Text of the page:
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JOURNAL ARTICLE

Outcome of Microscopic Transsphenoidal Surgery in Cushing Disease: A Case Series of 96 Patients

Manochehr Shirvani, Rouzbeh Motiei-Langroudi, Homa Sadeghian
World Neurosurgery 2016, 87: 170-5
26704208

OBJECTIVE: To analyze the results of transsphenoidal surgery in patients with Cushing disease and outcome.

METHOD: Retrospective analysis of the records of 96 patients with Cushing disease from 1997 to 2012.

RESULTS: There were 73 females and 23 males, with a mean follow-up of 44 months (range, 3-13 years). The sex ratio was significantly different in children and teenagers versus adults. Magnetic resonance imaging showed microadenoma, macroadenoma, and no adenoma in 66, 18, and 12 patients, respectively. There was no surgical mortality. Early remission (normal 24-hour urinary free cortisol and basal serum cortisol <5 μg/dL) was achieved in 94.8%. Regression analysis showed that only tumor size, cavernous sinus extension, and tumor consistency influenced remission. Recurrence was seen in 21.9%. Regression analysis showed that age, preoperative basal cortisol levels, and follow-up duration influenced recurrence. Correlation analysis showed that there was a significant negative correlation between patient age and the follow-up period. After detection of recurrence, 17 patients underwent repeat transsphenoidal surgery that resulted in remission in 12 patients (70.6%). The other 5 patients were referred for gamma knife radiosurgery or bilateral adrenalectomy.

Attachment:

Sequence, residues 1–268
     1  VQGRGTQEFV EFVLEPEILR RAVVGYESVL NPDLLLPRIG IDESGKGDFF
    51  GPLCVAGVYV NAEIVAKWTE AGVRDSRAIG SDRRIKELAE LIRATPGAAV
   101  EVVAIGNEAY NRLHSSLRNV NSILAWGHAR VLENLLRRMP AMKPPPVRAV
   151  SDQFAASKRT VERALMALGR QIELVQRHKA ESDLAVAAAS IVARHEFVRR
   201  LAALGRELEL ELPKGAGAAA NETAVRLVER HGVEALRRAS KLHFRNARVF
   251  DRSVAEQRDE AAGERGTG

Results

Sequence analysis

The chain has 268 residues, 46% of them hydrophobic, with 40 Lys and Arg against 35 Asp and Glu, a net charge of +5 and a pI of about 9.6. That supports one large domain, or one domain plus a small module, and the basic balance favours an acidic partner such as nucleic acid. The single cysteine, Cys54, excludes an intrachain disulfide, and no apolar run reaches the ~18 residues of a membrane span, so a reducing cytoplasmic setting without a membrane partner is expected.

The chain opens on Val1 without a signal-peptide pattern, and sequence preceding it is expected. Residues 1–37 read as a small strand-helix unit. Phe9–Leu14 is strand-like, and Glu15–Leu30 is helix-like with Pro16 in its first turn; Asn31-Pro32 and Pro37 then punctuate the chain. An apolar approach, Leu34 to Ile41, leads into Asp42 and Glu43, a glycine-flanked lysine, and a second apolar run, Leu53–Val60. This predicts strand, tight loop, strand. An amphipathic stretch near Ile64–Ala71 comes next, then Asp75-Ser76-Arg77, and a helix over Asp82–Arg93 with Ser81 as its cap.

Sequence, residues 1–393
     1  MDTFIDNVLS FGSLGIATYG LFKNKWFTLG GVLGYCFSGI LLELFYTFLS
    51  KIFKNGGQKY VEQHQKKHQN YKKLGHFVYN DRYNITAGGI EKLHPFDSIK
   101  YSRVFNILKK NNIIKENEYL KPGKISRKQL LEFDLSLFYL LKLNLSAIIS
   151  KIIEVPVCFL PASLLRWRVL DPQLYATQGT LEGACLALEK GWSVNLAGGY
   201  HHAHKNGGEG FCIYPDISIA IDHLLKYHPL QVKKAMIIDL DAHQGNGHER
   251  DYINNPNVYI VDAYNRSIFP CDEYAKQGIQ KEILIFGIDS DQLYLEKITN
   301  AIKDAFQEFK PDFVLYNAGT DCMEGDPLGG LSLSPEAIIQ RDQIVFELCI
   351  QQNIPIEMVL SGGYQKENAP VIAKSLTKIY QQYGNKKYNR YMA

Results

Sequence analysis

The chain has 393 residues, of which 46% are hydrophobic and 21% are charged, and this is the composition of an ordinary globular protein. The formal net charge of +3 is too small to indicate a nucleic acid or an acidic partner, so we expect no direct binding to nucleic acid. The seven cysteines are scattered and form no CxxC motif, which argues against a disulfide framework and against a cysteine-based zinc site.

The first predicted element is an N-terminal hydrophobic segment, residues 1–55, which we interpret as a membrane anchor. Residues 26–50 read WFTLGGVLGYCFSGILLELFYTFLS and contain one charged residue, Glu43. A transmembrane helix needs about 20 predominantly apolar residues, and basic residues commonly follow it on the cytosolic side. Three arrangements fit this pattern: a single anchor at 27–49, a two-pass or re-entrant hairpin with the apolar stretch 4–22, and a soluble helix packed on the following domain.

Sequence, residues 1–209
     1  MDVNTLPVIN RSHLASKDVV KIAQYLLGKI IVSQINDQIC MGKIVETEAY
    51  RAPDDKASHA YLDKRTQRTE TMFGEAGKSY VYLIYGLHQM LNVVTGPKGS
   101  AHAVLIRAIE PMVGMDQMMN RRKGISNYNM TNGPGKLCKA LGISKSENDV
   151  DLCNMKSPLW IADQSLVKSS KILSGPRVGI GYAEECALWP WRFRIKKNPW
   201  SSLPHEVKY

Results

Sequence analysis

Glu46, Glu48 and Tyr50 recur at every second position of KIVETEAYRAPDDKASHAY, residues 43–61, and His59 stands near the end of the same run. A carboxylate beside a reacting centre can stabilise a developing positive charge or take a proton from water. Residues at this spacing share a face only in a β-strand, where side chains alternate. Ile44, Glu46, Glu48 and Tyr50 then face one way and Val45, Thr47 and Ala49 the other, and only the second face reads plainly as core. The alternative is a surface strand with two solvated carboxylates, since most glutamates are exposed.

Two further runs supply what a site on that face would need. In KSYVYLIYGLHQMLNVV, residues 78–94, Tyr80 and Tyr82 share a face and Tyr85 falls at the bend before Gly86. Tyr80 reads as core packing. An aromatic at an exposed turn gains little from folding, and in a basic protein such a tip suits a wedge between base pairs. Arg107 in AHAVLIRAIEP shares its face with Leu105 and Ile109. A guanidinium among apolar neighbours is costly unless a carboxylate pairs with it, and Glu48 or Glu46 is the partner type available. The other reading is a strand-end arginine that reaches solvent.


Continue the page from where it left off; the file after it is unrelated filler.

CONCLUSIONS: Transsphenoidal surgery is a safe and highly efficient procedure in the treatment of Cushing disease. Macroadenomas, cavernous sinus invasion, and harder tumor consistencies, however, are associated with lower remission rates (higher disease persistence) and younger age, higher preoperative cortisol levels, and longer follow-up periods are associated with higher recurrence.

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